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Document Type

Thesis - University Access Only

Award Date


Degree Name

Master of Science (MS)


Wildlife and Fisheries Science

First Advisor

Kent C. Jensen


Ruffed grouse (Bonasa umbellus) are popular upland game birds as well as the management indicator species (MIS) for aspen (Populus tremuloides) in the Black Hills National Forest (BHNF). Due to this status the U.S. Forest Service and the South Dakota Department of Game Fish and Parks had interest in assessing the status and habitat requirements of ruffed grouse in the BHNF. The objective or our study was to assess resource selection of ruffed grouse at multiple spatial scales in order to identify the most appropriate scale to manage for ruffed grouse as the MIS for aspen in the BHNF. During the springs of 2007 and 2008 we conducted drumming surveys throughout the northern BHNF and located 32 used ruffed grouse drumming logs. The used sites were paired with an equal number of random unused sites to compare resource characteristics at increasing spatial scales that are correlated with the distribution of ruffed grouse. The presence of aspen was important across all spatial scales but was the most influential at 1600 m, and when the overstory canopy cover exceed 70%. Probability of site use maximized when 20% of the 1600m scale had this coverage. Ruffed grouse selected for areas with many small patches of aspen over those with few large patches. Probability of use was also greatest when aspen patches had a mean shape index of 1, or were circular shaped. At the smallest scale evaluated of 200 m, ruffed grouse selected drumming logs in close proximity to high stem densities of aspen. Ruffed grouse also selected activity centers that had a minimal presence of roads. Ponderosa pine (Pinus ponderosa) had a negative influence on site selection at the 4800 m and 1600 m scales. At the 400 m scale, ruffed grouse selected against ponderosa pine stands when the overstory canopy cover was less then 40%. Management for ruffed grouse in the BHNF as the MIS for aspen, should focus on increasing the extent of aspen with a goal of at least 20% occurrence on the landscape. Management efforts should also incorporate multiple age and size classes of aspen with an emphasis on enhancing early successional habitat to provide valuable cover through increased stem densities. Cutting techniques should also create circular patches of aspen rather then linear draws to increase and maintain understory diversity.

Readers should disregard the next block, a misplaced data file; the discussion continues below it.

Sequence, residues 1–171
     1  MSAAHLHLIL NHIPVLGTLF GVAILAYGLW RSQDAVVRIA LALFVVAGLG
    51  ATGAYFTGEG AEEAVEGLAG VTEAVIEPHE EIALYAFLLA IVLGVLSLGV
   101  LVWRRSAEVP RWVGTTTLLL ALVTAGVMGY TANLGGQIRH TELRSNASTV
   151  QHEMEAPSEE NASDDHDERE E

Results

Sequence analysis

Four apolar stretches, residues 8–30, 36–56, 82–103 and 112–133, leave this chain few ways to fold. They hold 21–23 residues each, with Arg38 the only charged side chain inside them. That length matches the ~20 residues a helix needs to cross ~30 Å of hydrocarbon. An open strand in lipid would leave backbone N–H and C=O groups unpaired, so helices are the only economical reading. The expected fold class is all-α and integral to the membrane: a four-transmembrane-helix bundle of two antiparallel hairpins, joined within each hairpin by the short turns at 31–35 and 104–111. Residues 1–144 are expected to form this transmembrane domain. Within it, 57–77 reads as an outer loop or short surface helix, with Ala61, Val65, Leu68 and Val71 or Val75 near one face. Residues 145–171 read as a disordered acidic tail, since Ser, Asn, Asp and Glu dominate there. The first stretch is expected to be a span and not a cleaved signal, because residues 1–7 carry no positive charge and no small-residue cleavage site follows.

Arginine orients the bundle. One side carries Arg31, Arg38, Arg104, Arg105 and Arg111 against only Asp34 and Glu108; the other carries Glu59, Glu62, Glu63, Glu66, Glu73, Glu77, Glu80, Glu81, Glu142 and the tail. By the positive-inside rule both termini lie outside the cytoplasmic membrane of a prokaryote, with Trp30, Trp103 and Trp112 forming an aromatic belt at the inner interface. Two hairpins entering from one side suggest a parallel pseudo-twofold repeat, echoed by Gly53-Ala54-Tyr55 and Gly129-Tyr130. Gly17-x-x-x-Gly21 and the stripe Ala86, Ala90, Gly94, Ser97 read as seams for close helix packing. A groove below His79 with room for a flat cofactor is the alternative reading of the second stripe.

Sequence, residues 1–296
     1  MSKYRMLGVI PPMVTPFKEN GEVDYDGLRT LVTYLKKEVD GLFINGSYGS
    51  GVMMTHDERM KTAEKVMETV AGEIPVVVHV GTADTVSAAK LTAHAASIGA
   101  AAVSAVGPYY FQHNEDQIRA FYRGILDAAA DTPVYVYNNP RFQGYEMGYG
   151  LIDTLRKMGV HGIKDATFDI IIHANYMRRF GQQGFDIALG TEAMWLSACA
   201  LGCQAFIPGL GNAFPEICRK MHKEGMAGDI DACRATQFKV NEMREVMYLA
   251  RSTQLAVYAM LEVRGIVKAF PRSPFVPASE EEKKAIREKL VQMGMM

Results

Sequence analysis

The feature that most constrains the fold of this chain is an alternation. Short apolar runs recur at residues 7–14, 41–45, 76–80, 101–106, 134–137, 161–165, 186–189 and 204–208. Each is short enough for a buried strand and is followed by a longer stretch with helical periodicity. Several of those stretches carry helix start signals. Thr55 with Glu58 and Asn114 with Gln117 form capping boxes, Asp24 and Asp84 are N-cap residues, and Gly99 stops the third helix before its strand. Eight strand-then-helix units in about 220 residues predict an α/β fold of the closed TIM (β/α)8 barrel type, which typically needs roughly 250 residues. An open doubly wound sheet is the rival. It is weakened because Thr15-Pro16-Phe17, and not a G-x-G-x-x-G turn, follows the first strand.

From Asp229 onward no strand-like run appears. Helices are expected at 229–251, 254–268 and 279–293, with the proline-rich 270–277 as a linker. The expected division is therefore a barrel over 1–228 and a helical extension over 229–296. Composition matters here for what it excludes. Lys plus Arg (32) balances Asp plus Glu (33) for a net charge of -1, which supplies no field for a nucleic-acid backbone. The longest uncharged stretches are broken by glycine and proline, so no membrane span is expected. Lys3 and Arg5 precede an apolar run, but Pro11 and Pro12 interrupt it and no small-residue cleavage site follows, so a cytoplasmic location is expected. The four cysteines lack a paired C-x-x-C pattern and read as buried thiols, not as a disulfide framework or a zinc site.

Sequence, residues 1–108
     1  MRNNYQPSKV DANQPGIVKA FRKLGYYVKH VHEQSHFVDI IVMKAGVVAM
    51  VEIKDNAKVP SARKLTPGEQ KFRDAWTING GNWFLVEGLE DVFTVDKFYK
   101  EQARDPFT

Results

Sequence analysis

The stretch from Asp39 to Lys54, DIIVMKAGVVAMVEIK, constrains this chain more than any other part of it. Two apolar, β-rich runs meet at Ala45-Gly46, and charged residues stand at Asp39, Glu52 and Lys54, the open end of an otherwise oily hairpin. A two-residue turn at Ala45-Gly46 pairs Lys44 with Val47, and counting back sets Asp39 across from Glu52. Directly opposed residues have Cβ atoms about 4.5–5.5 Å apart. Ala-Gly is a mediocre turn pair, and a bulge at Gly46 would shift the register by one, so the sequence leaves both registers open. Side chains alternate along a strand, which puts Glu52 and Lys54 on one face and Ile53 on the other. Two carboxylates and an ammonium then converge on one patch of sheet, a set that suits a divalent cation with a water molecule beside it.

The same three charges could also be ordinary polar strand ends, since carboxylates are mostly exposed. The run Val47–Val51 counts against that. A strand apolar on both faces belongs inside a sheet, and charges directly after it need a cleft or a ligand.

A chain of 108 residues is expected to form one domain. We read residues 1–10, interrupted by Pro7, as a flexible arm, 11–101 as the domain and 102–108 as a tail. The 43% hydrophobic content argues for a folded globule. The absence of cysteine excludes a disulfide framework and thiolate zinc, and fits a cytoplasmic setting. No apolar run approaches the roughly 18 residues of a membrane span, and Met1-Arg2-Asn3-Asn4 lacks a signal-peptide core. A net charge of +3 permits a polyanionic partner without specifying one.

Library of Congress Subject Headings

Ruffed grouse -- Habitat suitability index models -- Black Hills National Forest (S.D. and Wyo.)


Includes bibliographical references (page 48-55)



Number of Pages



South Dakota State University


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